When I was getting ready to leave my last job, I was frantically trying to get everything done. I had a transition binder for my successor, of course, but there were so many loose ends that still needed to be addressed and I didn’t know if I could get them tied up. A very wise friend said, “You’re not supposed to get everything done. Otherwise, there would be no need for your replacement.” It seemed so obvious, and yet when I heard someone say it out loud, it made all the sense in the world.
I often think about that when I am overwhelmed, desperately trying to get all my work done – again. This has been especially true of late. I’ve been on a “hamster wheel” for months – and haven’t taken any real break from work. And while I am fortunate to have fun clients and interesting projects, it can still be exhausting at times. So I was interested to read HBR’s latest article, “You’re Never Going to be ‘Caught Up’ at Work. Stop Feeling Guilty About it.” And it’s true: have you ever gotten to the end of a work day and thought, “I’m done! Everything on my ‘to do’ list is complete and I am taking tomorrow off!”? I’m guessing that you have not had this experience. (And if you have, please call me, because I want to know how you did it!)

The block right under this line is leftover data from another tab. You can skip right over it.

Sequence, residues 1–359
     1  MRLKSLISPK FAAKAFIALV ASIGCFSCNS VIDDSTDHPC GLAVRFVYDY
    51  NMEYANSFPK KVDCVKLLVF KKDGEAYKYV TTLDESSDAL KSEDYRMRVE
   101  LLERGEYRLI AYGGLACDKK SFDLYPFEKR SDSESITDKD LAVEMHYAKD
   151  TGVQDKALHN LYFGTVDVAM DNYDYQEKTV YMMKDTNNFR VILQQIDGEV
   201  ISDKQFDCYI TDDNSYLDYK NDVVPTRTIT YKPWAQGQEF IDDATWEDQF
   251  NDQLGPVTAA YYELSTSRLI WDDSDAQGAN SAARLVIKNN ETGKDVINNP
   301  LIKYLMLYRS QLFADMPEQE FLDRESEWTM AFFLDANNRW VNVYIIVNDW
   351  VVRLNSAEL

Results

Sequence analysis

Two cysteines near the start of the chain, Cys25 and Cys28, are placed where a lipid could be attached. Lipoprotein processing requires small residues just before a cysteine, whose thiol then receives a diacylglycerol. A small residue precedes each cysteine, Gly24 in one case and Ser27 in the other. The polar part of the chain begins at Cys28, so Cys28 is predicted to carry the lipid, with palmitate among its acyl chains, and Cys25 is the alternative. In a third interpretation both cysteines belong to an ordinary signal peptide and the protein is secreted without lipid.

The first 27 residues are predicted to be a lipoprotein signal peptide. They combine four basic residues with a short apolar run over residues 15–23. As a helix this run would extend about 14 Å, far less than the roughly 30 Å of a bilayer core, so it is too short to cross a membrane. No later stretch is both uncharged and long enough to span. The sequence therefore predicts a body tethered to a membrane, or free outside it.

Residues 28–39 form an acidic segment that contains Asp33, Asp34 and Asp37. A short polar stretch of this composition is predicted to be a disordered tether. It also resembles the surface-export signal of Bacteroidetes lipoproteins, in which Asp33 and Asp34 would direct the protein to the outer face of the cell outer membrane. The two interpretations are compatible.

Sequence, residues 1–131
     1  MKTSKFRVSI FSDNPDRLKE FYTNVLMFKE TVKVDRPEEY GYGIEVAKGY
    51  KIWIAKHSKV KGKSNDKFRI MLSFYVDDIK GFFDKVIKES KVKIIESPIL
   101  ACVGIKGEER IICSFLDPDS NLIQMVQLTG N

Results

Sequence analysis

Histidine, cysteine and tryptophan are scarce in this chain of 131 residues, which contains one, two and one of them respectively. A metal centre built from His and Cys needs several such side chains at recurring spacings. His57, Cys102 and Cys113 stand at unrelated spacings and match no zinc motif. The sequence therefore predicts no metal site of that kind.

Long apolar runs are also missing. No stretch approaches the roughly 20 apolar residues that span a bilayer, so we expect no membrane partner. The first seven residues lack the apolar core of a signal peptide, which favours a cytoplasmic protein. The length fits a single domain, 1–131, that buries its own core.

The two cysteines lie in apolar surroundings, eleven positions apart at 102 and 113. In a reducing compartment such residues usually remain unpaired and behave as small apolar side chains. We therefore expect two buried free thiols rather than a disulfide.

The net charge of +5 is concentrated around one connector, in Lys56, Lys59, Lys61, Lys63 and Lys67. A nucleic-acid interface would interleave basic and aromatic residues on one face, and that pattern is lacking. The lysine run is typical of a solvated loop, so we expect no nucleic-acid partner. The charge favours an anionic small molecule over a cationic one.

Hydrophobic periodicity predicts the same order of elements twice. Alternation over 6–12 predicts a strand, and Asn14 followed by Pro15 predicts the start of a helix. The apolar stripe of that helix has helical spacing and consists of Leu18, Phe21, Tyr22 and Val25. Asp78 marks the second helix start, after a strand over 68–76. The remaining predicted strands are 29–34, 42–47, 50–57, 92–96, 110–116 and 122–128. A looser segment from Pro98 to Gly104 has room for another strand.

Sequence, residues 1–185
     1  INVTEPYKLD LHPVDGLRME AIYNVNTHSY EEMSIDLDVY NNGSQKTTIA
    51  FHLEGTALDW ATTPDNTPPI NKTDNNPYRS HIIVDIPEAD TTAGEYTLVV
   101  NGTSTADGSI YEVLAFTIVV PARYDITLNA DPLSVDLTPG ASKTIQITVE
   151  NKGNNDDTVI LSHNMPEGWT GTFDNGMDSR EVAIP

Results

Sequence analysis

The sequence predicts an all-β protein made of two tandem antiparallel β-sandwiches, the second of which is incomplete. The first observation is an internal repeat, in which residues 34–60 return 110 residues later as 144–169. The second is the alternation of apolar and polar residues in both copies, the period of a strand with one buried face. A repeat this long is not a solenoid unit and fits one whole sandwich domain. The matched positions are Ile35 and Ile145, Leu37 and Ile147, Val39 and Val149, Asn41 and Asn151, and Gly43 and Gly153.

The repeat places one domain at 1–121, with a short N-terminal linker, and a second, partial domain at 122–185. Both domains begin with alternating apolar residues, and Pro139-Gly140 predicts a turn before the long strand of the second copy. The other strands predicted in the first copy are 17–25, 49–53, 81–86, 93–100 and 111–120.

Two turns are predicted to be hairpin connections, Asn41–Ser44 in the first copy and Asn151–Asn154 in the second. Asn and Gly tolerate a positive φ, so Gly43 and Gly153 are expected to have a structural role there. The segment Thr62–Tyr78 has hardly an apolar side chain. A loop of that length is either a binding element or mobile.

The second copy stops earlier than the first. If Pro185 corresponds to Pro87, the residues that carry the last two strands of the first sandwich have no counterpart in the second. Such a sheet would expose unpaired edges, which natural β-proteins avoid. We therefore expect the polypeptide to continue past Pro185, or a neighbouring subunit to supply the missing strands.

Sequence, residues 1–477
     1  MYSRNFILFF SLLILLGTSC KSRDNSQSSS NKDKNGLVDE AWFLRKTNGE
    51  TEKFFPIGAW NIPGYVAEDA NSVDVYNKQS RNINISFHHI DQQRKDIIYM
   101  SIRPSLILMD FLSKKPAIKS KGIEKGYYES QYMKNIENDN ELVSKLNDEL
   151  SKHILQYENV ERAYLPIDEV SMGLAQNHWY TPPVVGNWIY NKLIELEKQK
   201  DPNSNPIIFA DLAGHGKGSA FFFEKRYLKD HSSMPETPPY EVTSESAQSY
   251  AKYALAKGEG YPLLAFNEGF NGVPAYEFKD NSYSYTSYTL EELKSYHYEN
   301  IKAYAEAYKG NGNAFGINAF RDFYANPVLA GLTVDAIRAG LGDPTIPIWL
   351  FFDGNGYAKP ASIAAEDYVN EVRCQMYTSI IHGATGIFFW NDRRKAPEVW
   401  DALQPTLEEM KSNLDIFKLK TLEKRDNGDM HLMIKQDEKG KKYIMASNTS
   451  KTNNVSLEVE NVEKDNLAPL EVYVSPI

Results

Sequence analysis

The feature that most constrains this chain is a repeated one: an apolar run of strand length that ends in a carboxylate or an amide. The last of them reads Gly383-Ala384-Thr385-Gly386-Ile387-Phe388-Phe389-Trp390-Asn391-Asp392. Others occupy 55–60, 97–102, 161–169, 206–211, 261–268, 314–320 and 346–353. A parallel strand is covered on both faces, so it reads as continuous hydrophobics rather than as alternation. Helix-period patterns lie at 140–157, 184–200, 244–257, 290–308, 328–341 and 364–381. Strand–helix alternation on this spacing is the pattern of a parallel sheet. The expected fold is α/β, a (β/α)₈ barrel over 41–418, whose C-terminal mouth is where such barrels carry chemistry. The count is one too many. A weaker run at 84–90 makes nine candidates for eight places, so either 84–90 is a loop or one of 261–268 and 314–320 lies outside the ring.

What I appreciated about HBR’s article is that it focuses on the positive. It encourages you to take care of yourself by exercising self-compassion. Focus on your accomplishments. Failing to get some work completed does not make you (or me!) a bad person – and unless you are a doctor, no one’s life is going to end because you failed to get everything done. It just makes you human. And I guarantee you: there will always be more to do.